Lesson 13 -- first quarter 1996
February 25, 1996
© Copyright 1995, Christian Light Publications
I know what I need. I don't have a written list, but I certainly do have a mental list. Though I positively don't dwell on what I lack, I am definitely aware of it! When I have the money to spare, I am quite inclined to scratch a thing or two off my list. Are you at least somewhat the same way? Then we need to apply some verses to our perspective.
"If a brother or sister be naked, and destitute of daily food, And one of you say unto them, Depart in peace, be ye warmed and filled; notwithstanding ye give them not those things which are needful to the body; what doth it profit?" (James 2:15,16).Do I know what my brother or neighbor needs? Awareness in this area seems less important. That should not be since we are members one of another! God gives us the resources we have, not just to take care of ourselves, but to contribute to the well-being of others. That is one of the lessons I glean from the life of Boaz.
"But whoso hath this world's good, and seeth his brother have need, and shutteth up his bowels of compassion from him, how dwelleth the love of God in him?" (1 John 3:17).
Another way in which I am too self-centered is that of not giving others the praise and encouragement they deserve or need. Here again, I know what I need and what I thrive on. But what about those around me?! After looking at Boaz, I have a renewed determination to open my eyes to ways in which I can encourage and praise others.
Now I have a question that puts you on the opposite end of things. How do you respond (in your head) when someone provides for your material or emotional needs? "I have it coming!" "He has so much and I have so little." "It's about time someone helps me!" "That's all?!" I must confess that I have responded that way at times. The dimensions of human ungratefulness leave the imagination swaying drunkenly. In this area I covet a reaction like Ruth's: "Why have I found grace in thine eyes?"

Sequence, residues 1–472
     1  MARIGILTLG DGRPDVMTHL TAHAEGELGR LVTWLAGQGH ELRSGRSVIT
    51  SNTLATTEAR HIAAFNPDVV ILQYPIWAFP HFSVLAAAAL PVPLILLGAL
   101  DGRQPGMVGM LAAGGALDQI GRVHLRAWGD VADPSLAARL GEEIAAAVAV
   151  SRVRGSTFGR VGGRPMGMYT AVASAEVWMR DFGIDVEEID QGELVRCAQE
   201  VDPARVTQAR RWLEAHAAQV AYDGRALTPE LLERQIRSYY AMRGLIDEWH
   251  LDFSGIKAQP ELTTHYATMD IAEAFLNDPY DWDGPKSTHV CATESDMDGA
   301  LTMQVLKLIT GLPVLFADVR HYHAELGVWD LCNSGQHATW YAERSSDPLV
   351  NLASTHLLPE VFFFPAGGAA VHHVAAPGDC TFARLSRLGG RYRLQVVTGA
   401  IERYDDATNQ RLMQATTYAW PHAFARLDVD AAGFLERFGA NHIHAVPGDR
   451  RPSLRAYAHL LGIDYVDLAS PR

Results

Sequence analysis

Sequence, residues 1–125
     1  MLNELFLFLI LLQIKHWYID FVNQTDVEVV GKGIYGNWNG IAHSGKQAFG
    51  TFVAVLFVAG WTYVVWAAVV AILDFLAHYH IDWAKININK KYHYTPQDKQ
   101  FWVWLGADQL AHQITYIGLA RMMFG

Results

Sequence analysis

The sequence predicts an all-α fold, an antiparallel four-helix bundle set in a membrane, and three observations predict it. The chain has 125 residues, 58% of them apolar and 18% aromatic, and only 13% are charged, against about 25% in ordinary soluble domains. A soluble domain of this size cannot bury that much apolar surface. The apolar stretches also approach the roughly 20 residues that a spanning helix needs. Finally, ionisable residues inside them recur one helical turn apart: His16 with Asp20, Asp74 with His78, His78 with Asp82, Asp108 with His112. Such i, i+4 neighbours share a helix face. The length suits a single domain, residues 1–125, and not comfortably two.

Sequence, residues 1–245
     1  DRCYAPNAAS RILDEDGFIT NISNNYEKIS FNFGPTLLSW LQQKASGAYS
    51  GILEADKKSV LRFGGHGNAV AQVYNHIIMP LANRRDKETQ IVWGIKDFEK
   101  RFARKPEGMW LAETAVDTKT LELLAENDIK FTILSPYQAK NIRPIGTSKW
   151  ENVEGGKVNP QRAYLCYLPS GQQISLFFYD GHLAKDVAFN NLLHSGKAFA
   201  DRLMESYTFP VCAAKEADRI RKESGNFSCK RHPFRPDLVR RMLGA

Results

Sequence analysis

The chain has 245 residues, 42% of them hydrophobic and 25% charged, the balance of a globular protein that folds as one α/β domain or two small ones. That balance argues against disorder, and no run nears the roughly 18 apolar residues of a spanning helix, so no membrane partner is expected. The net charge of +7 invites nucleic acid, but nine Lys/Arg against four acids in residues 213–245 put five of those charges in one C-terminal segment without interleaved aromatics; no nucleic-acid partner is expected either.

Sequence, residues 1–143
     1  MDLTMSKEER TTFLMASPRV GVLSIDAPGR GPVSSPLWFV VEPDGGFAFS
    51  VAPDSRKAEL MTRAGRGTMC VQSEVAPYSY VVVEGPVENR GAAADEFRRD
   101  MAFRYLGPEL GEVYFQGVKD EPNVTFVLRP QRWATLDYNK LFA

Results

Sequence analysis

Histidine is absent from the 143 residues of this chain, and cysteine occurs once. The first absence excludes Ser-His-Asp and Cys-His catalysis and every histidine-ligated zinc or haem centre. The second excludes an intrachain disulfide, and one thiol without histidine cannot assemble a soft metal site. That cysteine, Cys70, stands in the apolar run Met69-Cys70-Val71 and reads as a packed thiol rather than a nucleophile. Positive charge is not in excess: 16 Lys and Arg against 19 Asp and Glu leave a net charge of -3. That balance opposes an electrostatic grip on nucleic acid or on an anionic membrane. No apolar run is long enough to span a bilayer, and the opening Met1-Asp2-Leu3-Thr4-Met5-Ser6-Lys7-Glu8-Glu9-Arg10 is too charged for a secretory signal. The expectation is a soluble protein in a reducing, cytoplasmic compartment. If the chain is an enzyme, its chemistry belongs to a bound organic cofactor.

Consideration, provision, kindness, protection, gratefulness, service--these character traits gleam from this Scripture portion. How we would like to have these priceless jewels gracing our person! But like all precious stones, these have a price. We must get beyond mere desire to firm commitment to pay whatever we must to acquire these things. The price is self. Yes, for these things to exist in us, self has to go. Selfishness cannot co-exist with these elements. We must become other-oriented before we can begin to attain to these things. Consider Ruth's service of Naomi as an example. Ruth served because she loved, not because she hoped to somehow gain or score points. Ruth's goal was to bless Naomi, not herself. What a scary, threatening proposition this can be to us!
"Under whose wings thou art come to trust." When we place ourselves totally at God's mercy we are free to disregard self. As long as we trust the covert of His wings we have no reason to rely on our own wits. Ultimately, the decision to live life for others is a statement of absolute trust and dependence on God.
If you were to use the preceding paragraph to measure your trust in God, how well would you "rate"? I don't come out very well in that test! I want to grow into this kind of trust just as Ruth had to. Do remember as you study this lesson that she was no super-human!
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